The CEO of the Woodbine Entertainment Group warns the launch of an online sports betting
and casino market in Ontario is a threat to horse racing and its 25,000 jobs in the province.
by Dave Briggs
Woodbine CEO Jim Lawson said there’s no question an open Ontario sports betting market will hurt the province’s massive horse racing industry.
He’s not complaining, not looking for special treatment for horse racing. Instead, he simply wants an equal chance to compete in Ontario’s new online gambling sector, which launched Monday (April 4).
The head of the largest horse racing operation in Canada admitted he’s frustrated that hasn’t happened.
On Monday, the province launched its open online sports betting and casino market. As of Wednesday, there were already 14 operators taking bets in Ontario.
Ontario’s horse racing industry supports some 25,000 full-time equivalent jobs and races are conducted at 15 tracks in the province. Yet, horse racing is “stuck in the starting gate” on two fronts, Lawson said:
Horse racing has yet to be integrated as online betting content on the platforms of Ontario operators. Also, Woodbine is, so far, prevented from setting up physical sportsbooks at its teletheatre locations in the province.
“We’re not looking for exclusivity, we not looking for protection. We just want to be part of it,” Lawson said. “On the integration side, all we’re asking is let (operators) host our product.”
Lawson said that integration would be seamless even though horse racing’s pari-mutuel system is a very different gambling animal.
“The only restriction in the criminal code is betting on horse racing has to be pari-mutuel. Our technology would allow us to integrate our content into their platforms and still keep it pari-mutuel, still keep it within our tote system. It would just be seamless to the customer,” Lawson said.
Despite being left at a standstill as online gaming is set to tear up the track, Lawson said he remains hopeful that horse racing will soon be included in the new market.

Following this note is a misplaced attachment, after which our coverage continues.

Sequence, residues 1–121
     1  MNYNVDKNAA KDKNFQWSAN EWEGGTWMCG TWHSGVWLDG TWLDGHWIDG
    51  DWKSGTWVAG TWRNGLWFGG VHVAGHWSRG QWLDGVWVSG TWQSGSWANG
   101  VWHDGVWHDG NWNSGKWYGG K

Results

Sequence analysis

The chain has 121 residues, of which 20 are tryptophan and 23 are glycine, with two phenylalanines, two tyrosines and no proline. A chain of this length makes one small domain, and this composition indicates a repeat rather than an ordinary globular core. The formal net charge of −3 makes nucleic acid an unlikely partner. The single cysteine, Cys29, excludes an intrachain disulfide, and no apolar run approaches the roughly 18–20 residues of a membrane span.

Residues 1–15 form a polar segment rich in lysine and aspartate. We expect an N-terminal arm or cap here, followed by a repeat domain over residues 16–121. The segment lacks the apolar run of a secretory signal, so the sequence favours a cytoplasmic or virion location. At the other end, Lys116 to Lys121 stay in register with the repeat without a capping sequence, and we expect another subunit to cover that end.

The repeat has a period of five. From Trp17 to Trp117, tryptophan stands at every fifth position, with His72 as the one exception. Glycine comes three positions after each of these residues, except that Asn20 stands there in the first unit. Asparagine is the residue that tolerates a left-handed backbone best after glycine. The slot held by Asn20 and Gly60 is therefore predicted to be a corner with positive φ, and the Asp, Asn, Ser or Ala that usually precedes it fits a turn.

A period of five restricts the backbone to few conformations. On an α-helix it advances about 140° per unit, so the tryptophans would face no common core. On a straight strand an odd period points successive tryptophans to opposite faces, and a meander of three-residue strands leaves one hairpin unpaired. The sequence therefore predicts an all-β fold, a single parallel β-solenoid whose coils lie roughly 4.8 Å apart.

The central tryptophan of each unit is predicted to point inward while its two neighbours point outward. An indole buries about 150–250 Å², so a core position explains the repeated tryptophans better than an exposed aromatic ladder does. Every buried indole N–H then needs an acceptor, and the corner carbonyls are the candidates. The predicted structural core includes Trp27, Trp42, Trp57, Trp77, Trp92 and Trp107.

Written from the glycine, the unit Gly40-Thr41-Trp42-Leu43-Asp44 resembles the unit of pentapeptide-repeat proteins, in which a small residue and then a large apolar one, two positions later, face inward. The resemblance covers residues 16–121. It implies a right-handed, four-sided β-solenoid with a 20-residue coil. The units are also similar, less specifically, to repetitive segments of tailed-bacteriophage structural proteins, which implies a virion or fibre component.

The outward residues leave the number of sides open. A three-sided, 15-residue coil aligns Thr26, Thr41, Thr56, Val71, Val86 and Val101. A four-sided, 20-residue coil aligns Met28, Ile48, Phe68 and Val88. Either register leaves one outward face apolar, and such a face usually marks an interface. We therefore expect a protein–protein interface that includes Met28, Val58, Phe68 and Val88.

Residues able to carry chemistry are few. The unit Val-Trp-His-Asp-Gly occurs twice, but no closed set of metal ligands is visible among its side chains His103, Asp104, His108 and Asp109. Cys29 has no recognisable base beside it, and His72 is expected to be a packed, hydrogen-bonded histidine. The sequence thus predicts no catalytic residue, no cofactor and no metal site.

“I want to be optimistic and say it will happen in the next two to three months, but we’ve certainly been left behind, unfortunately, and it’s not from a lack of hard work,” he said.
Lawson said it’s not a case of operators not wanting to offer horse racing.
“Companies like FanDuel, William Hill, bet365, PointsBet, they all had their origins in horse racing,” he said. “So, they like horse racing, they like offering it to their customers, it’s what they do. We have understood almost from the beginning that they were all very interested in horse racing and if they wanted it they would have to buy it from Woodbine. That was the premise, which we’ve been advancing.”
He chose not to elaborate on why horse racing has been left out, so far, but did not blame the operators.
“They were anxious to work with us on an operating agreement and host our content on their platform, which would have been great for racing because it would have been huge exposure for it.
“Of course, I think it hurts us that we’re not out of the starting gate with everyone else. Having to add it later on is not ideal for us, but we are where we are.”
Lawson said there is clear evidence in other jurisdictions that sports betting steals horse racing punters.
“We’ve been consistent in expressing this concern that the clear evidence is that sports wagering is going to hurt or cannibalize the pari-mutuel wagering dollar,” Lawson said. “That shouldn’t surprise anyone. There’s a big overlap in the demographic.”
The problem is those pari-mutuel dollars support a huge industry in Ontario, one deeply rooted in the rural areas of the province.
“There’s a huge rural component. The numbers have been studied and looked at by the academic community on behalf of the horse industry… There’s no question the number is in and around 25,000. What people don’t realize, I don’t think, is there are 15 racetracks in Ontario alone. There are more racetracks in Ontario than any single state in the United States or any province in Canada.
“(The industry has) a huge economic impact, a huge rural component to it because of the nature of the industry. It’s very labour-intensive and these are on farms.”
Lawson stressed many of those that work in the horse racing industry are skilled workers. Unfortunately, it’s often a very narrow skill set.
“These are very skilled people, but it’s a skill set that they won’t be able to easily find other employment. If you’re trained to be a horse trainer or groom, that’s what you’re trained to do. An exercise rider on the thoroughbred side, that’s what you do.”
Greg Blanchard is the director of sales and retail operations for The Western Fair District in London, ON. The agricultural hub in the centre of the city is also home to a half-mile harness horse racetrack. Blanchard said the track provides a wide range of employment in the rural areas surrounding London.